As Evelyn learns how to access the skills and talents of her other selves from throughout the multiverse – using a technique called “verse-jumping” – the directors’ feverish mélange of ideas, genres, tones, and emotions pushes the boundaries of mainstream filmmaking. As one may expect from these directors of the recent Swiss Army Man (2016), Everything Everywhere All at Once doesn’t lack for absurdity, which extends to everything from the verse-jumping, which requires increasingly silly acts to initiate, to the film’s numerous fight scenes.
An early scene where Waymond wields his fanny pack against an onslaught of I.R.S. security guards is an unexpected display of martial arts moves but pales in comparison with Evelyn later taking on a pants-less villain wearing a butt plug or fighting another baddie, Big Nose (Jenny Slate), whose savage use of her leashed Pomeranian is definitely beyond belief.
This only scratches the surface of the boldly imaginative twists and turns that Everything Everywhere All at Once takes throughout its runtime may indicate that this is an unwieldy film interested far less in its characters than in throwing an array of stunts, jokes, and ideas at the wall and seeing what sticks. Fortunately, there’s a method to the directors’ madness, even if it takes a while for that to become clear. And thanks to a truly remarkable turn from Yeoh, who rises to the challenge of constantly switching emotional registers on a dime, the filmmakers construct a rich emotional tapestry from deep within the fray.
Ke Huy Quan is a particular standout here, tasked with playing a very confident version of Waymond, a regretful optimist, and Evelyn’s often exasperated husband. More than anyone in the film, Waymond is the glue that holds it all together and the actor’s portrayal is a memorable one. Stephanie Hsu as the daughter Joy bares her soul and the emotions she conveys – anger, frustration, love – are raw and heartbreaking.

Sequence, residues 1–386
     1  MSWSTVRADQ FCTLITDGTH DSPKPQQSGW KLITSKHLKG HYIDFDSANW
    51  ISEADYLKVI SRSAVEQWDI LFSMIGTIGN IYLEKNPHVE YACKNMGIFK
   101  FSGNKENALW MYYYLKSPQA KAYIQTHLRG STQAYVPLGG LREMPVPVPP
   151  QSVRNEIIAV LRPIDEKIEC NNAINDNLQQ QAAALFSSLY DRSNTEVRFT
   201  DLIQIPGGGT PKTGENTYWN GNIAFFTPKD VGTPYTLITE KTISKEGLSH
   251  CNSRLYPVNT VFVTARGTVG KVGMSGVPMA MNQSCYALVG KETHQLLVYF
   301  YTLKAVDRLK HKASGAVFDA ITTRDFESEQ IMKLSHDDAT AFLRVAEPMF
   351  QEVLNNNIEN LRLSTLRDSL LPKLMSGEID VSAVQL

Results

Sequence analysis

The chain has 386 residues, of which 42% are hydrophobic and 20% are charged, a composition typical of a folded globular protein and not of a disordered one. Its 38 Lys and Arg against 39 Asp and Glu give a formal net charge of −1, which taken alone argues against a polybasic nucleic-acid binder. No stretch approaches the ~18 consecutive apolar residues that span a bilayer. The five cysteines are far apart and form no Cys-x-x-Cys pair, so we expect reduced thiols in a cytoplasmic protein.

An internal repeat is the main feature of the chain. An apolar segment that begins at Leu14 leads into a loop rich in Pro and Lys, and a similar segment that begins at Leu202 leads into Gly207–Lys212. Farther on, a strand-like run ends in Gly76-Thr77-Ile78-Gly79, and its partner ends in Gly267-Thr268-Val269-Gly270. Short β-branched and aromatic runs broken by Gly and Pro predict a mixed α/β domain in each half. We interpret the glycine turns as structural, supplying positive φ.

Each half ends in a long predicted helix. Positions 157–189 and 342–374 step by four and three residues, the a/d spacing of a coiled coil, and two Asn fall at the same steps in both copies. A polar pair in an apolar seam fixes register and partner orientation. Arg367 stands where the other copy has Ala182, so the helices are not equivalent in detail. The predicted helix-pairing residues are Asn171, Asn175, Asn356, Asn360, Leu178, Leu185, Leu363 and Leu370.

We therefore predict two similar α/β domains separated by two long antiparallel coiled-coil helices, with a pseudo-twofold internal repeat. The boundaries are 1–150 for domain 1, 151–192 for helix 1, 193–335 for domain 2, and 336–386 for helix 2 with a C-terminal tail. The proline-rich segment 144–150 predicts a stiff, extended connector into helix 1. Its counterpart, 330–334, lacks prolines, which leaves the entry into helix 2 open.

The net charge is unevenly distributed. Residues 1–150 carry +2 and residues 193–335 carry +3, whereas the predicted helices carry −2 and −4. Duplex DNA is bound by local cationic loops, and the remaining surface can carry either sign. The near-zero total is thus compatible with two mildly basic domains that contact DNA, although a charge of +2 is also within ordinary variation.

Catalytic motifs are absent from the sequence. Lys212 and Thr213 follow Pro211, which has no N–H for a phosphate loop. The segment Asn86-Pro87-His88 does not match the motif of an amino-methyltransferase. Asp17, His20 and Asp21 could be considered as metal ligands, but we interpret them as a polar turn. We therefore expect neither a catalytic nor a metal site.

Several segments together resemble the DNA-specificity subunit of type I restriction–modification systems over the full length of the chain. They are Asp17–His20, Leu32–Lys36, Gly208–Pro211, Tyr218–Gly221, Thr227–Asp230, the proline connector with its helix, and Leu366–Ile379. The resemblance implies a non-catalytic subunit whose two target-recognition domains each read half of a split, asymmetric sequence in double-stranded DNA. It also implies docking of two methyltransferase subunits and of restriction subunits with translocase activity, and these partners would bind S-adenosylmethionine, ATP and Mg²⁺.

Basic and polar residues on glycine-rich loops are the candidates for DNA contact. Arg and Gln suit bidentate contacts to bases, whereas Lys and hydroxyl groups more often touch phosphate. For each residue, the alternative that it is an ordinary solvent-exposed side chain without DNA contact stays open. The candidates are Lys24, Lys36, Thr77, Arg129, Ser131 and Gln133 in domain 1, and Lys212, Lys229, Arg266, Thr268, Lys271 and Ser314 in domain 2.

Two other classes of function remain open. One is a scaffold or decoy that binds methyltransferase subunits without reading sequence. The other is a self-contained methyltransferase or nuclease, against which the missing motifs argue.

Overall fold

For all its chaotic collages of images and ideas, Everything Everywhere All at Once is, at its core, a coherent depiction of a family learning to stay whole in an overstimulated, hyperactive world that traffics in distractions far more effectively than it invites love and understanding. In yet another delightfully ludicrous turn, an everything bagel – in this case, “everything” in the truly literal sense – is revealed to be a portal into oblivion, which the miserable daughter Joy sees as the only escape from her relentless anxiety and depression.
The fixation on alternate timelines ultimately comes from a timely-ish anxiety that we’re now in the darkest one, evident in a vague line about how no one These Days knows their neighbors. The bagel of doom and its tightening grip on Evelyn’s Gen Z daughter lend themselves to the climactic declaration that there’s nothing worse than submitting to the nihilism so trendy with the next generation. Our lone hope of recourse is to embrace all the love and beauty surrounding us, if only we’re present enough to see it.
The film ponders the world and whether anything really matters. Is anything worth fighting for when the chaos of living in a social media-connected world, where everyone is constantly splitting their attention and energy between a constant and devastating news cycle, their own life struggles, and whatever hot button issue is at the forefront? Everything matters and nothing does. Everything Everywhere All at Once sorts through the disarray, allowing Evelyn a chance to understand exactly what the perceived villain Jobu Tupaki (Hsu) feels while simultaneously pushing her to fight for something, anything, even if it all seems hopeless. To that end, the film, even in all of its multiversal action, is endearing and hopeful.